There is a box that lives on top of our dresser–one we’re both intimately familiar with. We don’t open it often. There is a kind of sacred time and space for it that we both respect, only opening its contents when we are spending time either alone or together in reflection with the Lord. Its contents hold the memories of one of the most painful times of our marriage–the loss of our first child, the Peanut who made you a daddy.
And while I didn’t say a word, I peeked in the bedroom the other day to see you carefully untying the sweet blue ribbon that holds it closed most days. I saw you gently remove the tiny knit hat made just for him. I watched as you held our only ultrasound picture, silently weeping and praying for life lost too soon, a life that heard only our voices before hearing the voice of Jesus.
Though it’s been nearly four years, I see your grief still with you.
It’s grief that isn’t talked about—miscarriage itself is a taboo subject, but especially for the daddies. In the weeks after our loss, everyone asked you how I was doing, how I was feeling, how I was holding up.
Rarely, if ever, did anyone ask how you were doing.
But I saw it. I saw the heart-wrenching cries of anger and pain, coupled with periods of depression. I saw you being strong for me, refusing to leave my side, and fielding phone calls from well-meaning friends that I simply couldn’t bring myself to answer. I saw you navigating your own grief while burdened with the additional pain of watching your wife spiral into a depression that mirrored the postpartum period.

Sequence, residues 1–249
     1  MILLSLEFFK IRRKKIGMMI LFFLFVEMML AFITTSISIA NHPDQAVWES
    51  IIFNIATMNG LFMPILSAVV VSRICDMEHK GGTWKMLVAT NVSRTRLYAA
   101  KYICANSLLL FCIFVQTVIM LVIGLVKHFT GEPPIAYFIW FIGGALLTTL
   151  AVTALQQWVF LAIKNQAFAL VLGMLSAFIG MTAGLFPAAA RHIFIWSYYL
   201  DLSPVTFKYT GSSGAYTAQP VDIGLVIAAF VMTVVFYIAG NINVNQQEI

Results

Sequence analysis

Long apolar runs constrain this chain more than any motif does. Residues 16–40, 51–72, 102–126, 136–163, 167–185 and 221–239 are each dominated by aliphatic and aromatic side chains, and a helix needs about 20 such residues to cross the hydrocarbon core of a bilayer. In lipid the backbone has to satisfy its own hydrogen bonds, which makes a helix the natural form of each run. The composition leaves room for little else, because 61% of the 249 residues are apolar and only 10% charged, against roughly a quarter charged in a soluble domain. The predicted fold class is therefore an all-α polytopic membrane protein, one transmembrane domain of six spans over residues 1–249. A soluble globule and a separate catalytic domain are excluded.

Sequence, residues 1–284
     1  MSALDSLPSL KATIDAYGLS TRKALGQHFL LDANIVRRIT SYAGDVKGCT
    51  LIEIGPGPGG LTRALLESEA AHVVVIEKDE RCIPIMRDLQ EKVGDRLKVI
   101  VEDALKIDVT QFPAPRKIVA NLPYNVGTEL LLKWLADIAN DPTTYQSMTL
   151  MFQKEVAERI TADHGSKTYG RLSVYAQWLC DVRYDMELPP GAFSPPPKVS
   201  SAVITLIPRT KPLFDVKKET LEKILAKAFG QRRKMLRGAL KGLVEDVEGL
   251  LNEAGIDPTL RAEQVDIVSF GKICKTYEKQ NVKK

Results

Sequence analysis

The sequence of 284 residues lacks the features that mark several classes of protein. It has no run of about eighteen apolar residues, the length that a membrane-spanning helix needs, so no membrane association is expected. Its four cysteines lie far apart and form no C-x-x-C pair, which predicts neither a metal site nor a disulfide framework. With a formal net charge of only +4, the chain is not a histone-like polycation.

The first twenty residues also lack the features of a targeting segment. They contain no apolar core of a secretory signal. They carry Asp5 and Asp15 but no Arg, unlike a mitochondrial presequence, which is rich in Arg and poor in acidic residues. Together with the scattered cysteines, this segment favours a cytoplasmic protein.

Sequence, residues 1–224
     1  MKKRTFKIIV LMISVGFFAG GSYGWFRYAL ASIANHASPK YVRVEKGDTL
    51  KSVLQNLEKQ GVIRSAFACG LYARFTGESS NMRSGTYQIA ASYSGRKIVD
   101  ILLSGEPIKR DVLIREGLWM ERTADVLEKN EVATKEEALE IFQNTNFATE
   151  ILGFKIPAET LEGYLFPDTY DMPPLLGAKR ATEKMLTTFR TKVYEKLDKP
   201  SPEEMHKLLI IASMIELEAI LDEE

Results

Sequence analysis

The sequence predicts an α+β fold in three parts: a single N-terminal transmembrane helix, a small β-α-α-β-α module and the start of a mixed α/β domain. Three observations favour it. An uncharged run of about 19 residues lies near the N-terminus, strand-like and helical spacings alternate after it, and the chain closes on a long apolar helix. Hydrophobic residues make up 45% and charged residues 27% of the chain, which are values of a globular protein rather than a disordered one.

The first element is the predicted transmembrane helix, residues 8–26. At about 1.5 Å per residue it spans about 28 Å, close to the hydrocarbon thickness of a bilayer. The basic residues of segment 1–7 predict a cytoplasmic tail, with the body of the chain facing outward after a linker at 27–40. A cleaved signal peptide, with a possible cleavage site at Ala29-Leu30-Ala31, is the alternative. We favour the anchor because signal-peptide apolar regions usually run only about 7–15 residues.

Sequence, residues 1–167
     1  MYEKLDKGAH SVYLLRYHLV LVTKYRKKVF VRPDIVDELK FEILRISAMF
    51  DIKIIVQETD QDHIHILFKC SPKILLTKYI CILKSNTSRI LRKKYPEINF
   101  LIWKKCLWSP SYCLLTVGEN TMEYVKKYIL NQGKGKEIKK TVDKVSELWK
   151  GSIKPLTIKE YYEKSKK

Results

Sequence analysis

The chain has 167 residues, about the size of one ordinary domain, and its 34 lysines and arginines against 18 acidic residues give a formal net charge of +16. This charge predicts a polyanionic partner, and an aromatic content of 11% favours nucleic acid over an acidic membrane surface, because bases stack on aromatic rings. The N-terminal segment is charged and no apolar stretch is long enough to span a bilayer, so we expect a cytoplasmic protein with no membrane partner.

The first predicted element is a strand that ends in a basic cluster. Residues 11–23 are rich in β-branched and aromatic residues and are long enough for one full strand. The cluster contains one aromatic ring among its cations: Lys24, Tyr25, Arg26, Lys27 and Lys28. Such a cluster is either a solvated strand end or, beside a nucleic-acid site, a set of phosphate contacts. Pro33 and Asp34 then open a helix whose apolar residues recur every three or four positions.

Perhaps the most overlooked survivors of miscarriage are the fathers–the ones who struggle to give themselves permission to grieve.
The fathers who experience the trauma of losing the physical presence of a child and the emotional presence of a wife. In the days following our loss, you often told me how out of control you felt in the moment; somehow, watching me endure the physical pain convinced you that your experience wasn’t as traumatic. Nothing could be further from the truth.
There is nothing natural about death. Yes, death is part of our human experience. But when we remember Genesis and the Garden of Eden, death didn’t enter the world until the fall. Things are not as they should be in the world; this is why we grieve. We were created for life and purpose and to live for the glory of God, and when that is taken away, we are reminded that this world is not our home.
And so we grieve–daddies and mommies together.
But in our collective grief, we also know hope. We know our child is being held by Jesus. We know that in our pain and loss, God is strengthening our marriage, comforting us that we might one day comfort others who have lost a child.
We know that one day, our son will ask us about the box on the dresser, and we will sit down together and explain that he has a brother in Heaven who is happy and loved. I don’t know when that day will come; I imagine it is several years in the future when our pain is still real, but slowly continuing to be healed by a God who loves us more than we can imagine.
Until that day, I’ll hold you in your grief.